Prahalad was also prescient about the growing availability of personal data. He believed that, as customers and patients, we would soon be able to co-create a personal health profile with our healthcare providers. He believed that at some point, it would be possible for someone with diabetes, for example, to collaborate with a doctor and receive a personalized warning if his or her blood sugar had dropped to a dangerously low level. Such a co-created health innovation would save many lives.

Co-creation is a reality — though that is not to suggest it is easy.  There appears a genuine and reassuring tendency for big corporations to open their doors and their eyes.

Nilofer Merchant, author of Onlyness, provided an example when we asked her about the relationship between big corporations and innovation.  “What I will say is that traditional organizations will have a very different basis.  Let me give you an example. Years ago, IBM started doing something that I found truly profound, especially when I compared it to other companies like HP that didn’t do it. IBM started saying our expertise isn’t just what we ship, it isn’t just what we build, it isn’t just what we create all by ourselves. We could actually allow other people to shape that,” she said before going on to finish the story: “IBM’s Smarter Planet initiative started off as an effort to say ‘we should do something in the green space but we don’t know what’.  They asked the questions to participants really broadly, drawing on talent that was outside the firm. They were eliminating the perimeter of the firm, not trying to help with an existing problem that was defined, but saying what problems should we solve?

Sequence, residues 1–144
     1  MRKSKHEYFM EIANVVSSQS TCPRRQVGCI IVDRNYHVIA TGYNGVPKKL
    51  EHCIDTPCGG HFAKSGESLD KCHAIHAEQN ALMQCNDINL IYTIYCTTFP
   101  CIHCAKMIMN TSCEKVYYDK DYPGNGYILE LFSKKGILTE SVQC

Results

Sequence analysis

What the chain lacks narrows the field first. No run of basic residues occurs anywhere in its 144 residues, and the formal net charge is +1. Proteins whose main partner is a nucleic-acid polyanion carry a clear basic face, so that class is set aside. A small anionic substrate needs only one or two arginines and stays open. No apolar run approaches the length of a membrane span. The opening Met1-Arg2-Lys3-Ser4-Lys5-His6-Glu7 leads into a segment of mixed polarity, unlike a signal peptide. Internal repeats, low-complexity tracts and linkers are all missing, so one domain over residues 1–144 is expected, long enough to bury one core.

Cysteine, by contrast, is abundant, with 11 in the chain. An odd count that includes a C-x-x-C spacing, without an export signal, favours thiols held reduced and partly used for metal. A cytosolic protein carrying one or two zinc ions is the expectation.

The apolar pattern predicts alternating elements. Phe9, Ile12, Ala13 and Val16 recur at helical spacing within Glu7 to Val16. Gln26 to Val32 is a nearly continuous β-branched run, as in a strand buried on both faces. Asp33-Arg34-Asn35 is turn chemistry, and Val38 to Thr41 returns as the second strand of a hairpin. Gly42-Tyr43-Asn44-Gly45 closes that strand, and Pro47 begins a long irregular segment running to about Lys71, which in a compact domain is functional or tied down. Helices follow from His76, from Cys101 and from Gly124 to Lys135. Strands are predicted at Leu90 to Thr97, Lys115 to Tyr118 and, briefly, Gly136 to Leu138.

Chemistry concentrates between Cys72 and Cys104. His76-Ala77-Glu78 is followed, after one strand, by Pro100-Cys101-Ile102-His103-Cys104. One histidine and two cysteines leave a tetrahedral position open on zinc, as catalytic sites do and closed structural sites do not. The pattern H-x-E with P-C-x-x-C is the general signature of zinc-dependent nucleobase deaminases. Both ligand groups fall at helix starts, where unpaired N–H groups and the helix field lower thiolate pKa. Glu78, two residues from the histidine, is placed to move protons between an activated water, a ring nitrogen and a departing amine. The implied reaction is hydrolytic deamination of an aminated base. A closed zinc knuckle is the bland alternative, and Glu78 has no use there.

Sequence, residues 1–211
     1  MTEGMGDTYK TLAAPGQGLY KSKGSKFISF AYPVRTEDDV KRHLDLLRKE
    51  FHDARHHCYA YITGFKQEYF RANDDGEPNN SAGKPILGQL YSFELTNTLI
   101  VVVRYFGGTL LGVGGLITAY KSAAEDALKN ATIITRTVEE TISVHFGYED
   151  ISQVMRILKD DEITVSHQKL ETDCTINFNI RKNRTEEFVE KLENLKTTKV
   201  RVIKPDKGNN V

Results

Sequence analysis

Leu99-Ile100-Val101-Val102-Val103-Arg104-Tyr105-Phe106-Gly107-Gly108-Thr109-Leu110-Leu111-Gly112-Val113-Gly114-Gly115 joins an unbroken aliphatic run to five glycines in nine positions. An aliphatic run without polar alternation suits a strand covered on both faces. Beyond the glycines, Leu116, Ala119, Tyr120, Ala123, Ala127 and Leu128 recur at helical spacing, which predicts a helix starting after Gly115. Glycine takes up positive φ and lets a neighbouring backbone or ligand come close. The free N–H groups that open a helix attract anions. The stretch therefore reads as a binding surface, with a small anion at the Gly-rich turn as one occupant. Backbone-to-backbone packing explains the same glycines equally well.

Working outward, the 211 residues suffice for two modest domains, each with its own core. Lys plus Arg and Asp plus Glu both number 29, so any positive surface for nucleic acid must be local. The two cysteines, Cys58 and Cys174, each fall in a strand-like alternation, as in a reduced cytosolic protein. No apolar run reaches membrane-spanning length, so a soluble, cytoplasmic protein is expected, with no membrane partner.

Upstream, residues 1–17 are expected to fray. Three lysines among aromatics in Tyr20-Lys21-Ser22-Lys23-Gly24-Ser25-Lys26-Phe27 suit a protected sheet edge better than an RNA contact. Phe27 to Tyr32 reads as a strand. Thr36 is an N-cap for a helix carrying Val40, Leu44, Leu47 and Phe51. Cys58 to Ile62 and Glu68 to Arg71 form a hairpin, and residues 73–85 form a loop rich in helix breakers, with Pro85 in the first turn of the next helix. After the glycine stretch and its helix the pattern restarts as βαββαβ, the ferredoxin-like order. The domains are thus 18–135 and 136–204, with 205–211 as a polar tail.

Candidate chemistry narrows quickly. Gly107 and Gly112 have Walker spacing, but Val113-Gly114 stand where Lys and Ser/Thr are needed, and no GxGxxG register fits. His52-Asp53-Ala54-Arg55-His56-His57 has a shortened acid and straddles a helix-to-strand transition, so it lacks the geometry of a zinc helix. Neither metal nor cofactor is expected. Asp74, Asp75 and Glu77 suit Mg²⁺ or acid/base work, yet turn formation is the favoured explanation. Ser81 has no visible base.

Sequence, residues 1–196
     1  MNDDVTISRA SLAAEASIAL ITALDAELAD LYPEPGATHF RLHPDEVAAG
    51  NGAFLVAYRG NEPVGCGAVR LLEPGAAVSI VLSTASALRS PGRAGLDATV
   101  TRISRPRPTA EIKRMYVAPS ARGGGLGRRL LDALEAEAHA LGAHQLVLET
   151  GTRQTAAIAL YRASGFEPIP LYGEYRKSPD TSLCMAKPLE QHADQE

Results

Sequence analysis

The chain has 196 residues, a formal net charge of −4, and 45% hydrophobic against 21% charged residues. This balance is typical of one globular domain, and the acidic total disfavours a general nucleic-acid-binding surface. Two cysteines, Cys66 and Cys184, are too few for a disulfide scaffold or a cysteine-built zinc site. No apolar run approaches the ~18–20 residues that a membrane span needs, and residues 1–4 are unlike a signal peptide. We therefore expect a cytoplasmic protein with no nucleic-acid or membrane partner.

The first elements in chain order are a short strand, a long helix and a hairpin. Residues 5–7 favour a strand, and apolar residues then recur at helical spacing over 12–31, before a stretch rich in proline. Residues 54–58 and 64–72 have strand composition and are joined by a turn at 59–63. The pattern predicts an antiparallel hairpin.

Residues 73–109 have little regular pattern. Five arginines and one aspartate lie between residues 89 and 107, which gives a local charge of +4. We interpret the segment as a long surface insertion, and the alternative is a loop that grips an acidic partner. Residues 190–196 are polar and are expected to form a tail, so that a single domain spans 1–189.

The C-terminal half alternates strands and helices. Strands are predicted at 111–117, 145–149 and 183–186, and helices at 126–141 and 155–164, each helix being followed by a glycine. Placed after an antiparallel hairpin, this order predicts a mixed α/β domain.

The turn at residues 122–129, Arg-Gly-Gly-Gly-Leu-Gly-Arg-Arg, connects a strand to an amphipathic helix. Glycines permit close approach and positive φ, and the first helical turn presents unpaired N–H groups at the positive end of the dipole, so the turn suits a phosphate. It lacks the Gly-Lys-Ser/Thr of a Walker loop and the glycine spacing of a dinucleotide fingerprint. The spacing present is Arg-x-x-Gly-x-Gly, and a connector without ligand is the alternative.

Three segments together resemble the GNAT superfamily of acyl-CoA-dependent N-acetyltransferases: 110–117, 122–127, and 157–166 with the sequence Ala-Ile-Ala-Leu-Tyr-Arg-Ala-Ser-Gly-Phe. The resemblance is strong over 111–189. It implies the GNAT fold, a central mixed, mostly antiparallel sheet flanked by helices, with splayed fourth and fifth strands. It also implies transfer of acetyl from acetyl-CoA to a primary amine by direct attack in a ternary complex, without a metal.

“So they changed their perspective — the parameter of the question was open, and who could participate in solving that problem was also open.  And with that Smarter Planet is now making a pretty sizeable contribution to the business. Now, is that enough to sustain an entire business?  No, but I think it’s indicative of how social can work to fuel new innovations.”

All of this suggests that for one person to shoulder responsibility for generating and delivering innovation is an impossible task.  Technology is wonderful, but at its core is its enabling of people to work together to create a better future.  Innovation really is a team game.

Resources

CK Prahalad and Venkat Ramaswamy, The Future of Competition: Co-creating Unique Value with Customers, Harvard Business School Press, 2004

This was originally published in What we mean when we talk about innovation by Stuart Crainer and Des Dearlove (Infinite Ideas, 2016).

The post Innovation is a Team Game appeared first on Thinkers 50.